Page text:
Parents out there concerned about your their middle schoolers' texting habits — particularly with what those habits may indicate — take note.
Middle school students who send 100 or more text messages per day are more likely to be sexually active, Betabeat reported, citing a recent study in Pediatrics, the official journal of the American Academy of Pediatrics.
The study in Pediatrics also looked at sexting behavior, noting that students who text at least 100 times per day were more likely to report both receiving and sending sexts.
In addition students who sent sexts, and students who received sexts, were more likely to report sexual activity. And excessive texting and receiving sexts were associated with both unprotected sex as well as condom use.
Oddly researchers found that about 20 percent of middle school students have received a sext, only five percent said they’d sent one.
Additional data of note:
- More than two-thirds (68.0%) of the sample owned their own cell phone and used it daily. Three-quarters (74.0%) of the sample had access to a text-capable cell phone. Thirty-nine percent of those with text-capable cell phones reported texting more than or at least 100 times a day.
- Approximately 11% of respondents were sexually active, and of those, fewer than 30% had unprotected sex at their last sexual encounter.
- Boys were significantly more likely to report being sexually active, as were those who sent more than or at least 100 texts per day.
- Sexual activity was significantly more likely among students who reported ever having received or sent a sext.
- Odds of sexual activity were decreased among white-identifying students compared with those identifying as Hispanic/Latino.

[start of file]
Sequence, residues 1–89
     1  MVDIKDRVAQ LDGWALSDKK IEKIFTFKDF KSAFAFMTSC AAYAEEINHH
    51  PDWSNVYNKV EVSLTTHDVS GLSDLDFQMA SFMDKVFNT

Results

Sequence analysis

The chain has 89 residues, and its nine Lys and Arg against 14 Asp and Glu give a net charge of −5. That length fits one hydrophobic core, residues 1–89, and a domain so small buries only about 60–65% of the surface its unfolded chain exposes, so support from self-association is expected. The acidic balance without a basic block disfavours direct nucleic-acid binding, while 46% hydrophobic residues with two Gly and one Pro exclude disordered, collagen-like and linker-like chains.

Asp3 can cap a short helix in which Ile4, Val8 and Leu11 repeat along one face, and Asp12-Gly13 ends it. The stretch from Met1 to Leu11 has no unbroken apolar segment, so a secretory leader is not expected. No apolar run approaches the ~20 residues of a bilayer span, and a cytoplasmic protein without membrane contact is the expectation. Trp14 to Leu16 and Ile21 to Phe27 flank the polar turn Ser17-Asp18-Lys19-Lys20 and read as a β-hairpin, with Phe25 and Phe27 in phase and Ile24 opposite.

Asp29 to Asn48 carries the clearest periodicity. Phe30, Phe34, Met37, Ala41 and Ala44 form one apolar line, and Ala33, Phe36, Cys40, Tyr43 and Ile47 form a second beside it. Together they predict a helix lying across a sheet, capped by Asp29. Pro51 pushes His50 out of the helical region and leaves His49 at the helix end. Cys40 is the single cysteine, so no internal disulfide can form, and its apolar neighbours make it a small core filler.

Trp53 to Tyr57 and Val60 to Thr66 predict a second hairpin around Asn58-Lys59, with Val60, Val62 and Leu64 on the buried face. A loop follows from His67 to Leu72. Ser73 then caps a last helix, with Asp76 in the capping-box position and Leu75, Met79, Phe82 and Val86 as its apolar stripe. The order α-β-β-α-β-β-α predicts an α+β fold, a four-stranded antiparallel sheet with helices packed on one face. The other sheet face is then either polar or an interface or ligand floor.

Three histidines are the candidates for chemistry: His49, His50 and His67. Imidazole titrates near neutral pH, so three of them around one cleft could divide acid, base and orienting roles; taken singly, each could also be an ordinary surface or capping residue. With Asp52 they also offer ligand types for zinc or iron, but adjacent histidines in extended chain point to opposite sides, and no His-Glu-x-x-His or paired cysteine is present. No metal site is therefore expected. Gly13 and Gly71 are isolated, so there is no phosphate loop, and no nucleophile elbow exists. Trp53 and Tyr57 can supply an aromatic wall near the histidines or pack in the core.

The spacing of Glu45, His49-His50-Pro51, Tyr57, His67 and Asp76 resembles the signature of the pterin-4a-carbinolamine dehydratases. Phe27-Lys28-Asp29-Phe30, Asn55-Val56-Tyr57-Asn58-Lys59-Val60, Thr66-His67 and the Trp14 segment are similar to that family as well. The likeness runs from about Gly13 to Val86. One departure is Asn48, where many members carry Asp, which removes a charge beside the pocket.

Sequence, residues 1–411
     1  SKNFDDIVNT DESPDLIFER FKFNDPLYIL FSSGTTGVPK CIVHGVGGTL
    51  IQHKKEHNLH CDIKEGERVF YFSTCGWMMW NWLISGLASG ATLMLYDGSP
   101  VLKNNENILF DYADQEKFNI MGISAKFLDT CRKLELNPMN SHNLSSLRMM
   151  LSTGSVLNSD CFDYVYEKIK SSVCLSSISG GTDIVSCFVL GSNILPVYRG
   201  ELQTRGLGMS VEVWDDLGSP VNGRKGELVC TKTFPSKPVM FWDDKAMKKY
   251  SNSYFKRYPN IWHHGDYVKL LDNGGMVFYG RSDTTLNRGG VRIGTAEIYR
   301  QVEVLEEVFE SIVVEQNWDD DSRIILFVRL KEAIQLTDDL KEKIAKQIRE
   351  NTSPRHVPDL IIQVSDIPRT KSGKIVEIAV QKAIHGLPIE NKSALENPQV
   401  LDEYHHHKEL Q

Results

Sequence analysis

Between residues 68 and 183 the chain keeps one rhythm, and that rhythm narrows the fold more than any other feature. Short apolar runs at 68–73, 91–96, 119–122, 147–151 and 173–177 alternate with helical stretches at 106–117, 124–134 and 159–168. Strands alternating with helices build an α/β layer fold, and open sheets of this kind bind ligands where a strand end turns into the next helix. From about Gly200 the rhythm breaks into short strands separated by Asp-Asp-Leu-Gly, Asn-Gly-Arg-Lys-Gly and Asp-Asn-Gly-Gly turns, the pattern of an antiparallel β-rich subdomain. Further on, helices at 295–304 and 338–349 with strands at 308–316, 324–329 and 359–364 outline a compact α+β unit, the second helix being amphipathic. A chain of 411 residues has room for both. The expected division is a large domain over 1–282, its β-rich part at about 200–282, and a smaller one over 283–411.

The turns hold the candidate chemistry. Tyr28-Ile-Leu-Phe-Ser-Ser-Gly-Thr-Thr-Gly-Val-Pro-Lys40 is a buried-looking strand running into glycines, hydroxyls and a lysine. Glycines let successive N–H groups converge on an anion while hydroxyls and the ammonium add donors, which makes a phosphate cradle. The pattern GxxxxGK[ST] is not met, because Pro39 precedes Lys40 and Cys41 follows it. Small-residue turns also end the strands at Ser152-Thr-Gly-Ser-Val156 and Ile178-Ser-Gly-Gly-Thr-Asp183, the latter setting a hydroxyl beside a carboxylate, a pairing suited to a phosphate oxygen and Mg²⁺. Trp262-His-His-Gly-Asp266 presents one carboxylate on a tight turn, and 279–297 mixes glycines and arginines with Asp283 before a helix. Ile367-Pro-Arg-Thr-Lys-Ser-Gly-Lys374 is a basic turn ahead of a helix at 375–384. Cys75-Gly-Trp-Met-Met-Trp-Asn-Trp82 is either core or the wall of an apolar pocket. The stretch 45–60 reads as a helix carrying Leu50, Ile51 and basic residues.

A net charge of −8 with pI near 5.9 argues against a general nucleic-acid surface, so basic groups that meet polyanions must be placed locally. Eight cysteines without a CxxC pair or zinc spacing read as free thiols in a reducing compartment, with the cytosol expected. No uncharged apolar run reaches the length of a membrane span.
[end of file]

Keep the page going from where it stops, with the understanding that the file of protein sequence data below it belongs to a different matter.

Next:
- Those who reported receiving a sext were 23 times more likely to have also sent a sext; students who reported sending a sext were 23 times as likely to also report receiving a sext.
- Data correlating with having received a sext included older age, identifying as black/African American, sending more than or at least 100 texts per day, being male, and identifying as lesbian, gay, bisexual, or questioning/unsure — which was associated with nine times the odds of having sent a sext.
- Study participants had a mean age of 12.3 years (range: 10 to 15 years). Boys and girls were about equally represented (51.5% boys and 48.5% girls). Although the sample was largely Hispanic/Latino (60.5%), the student population was also racially diverse, with 17.6% identifying as black/African American, 15.1% as white, and 7.0% as another race.The majority of respondents identified as heterosexual (95.7%).
The researchers concluded that doctors “should discuss sexting with young adolescents because this may facilitate conversations about sexually transmitted infection and pregnancy prevention.”
(H/T: The Daily Dot)